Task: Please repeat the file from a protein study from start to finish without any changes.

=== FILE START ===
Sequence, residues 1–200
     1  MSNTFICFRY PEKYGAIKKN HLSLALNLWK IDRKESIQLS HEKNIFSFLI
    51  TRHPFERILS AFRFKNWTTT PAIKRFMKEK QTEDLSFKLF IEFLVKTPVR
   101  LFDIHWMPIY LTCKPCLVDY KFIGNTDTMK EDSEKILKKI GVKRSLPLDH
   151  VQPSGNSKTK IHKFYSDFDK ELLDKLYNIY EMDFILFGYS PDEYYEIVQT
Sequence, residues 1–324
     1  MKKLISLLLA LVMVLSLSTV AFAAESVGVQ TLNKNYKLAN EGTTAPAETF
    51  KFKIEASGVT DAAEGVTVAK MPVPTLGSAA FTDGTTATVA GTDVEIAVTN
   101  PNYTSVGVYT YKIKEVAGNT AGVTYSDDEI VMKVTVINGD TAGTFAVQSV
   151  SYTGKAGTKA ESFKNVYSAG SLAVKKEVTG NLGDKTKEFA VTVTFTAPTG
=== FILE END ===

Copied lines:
Sequence, residues 1–200
     1  MSNTFICFRY PEKYGAIKKN HLSLALNLWK IDRKESIQLS HEKNIFSFLI
    51  TRHPFERILS AFRFKNWTTT PAIKRFMKEK QTEDLSFKLF IEFLVKTPVR
   101  LFDIHWMPIY LTCKPCLVDY KFIGNTDTMK EDSEKILKKI GVKRSLPLDH
   151  VQPSGNSKTK IHKFYSDFDK ELLDKLYNIY EMDFILFGYS PDEYYEIVQT
Sequence, residues 1–324
     1  MKKLISLLLA LVMVLSLSTV AFAAESVGVQ TLNKNYKLAN EGTTAPAETF
    51  KFKIEASGVT DAAEGVTVAK MPVPTLGSAA FTDGTTATVA GTDVEIAVTN
   101  PNYTSVGVYT YKIKEVAGNT AGVTYSDDEI VMKVTVINGD TAGTFAVQSV
   151  SYTGKAGTKA ESFKNVYSAG SLAVKKEVTG NLGDKTKEFA VTVTFTAPTG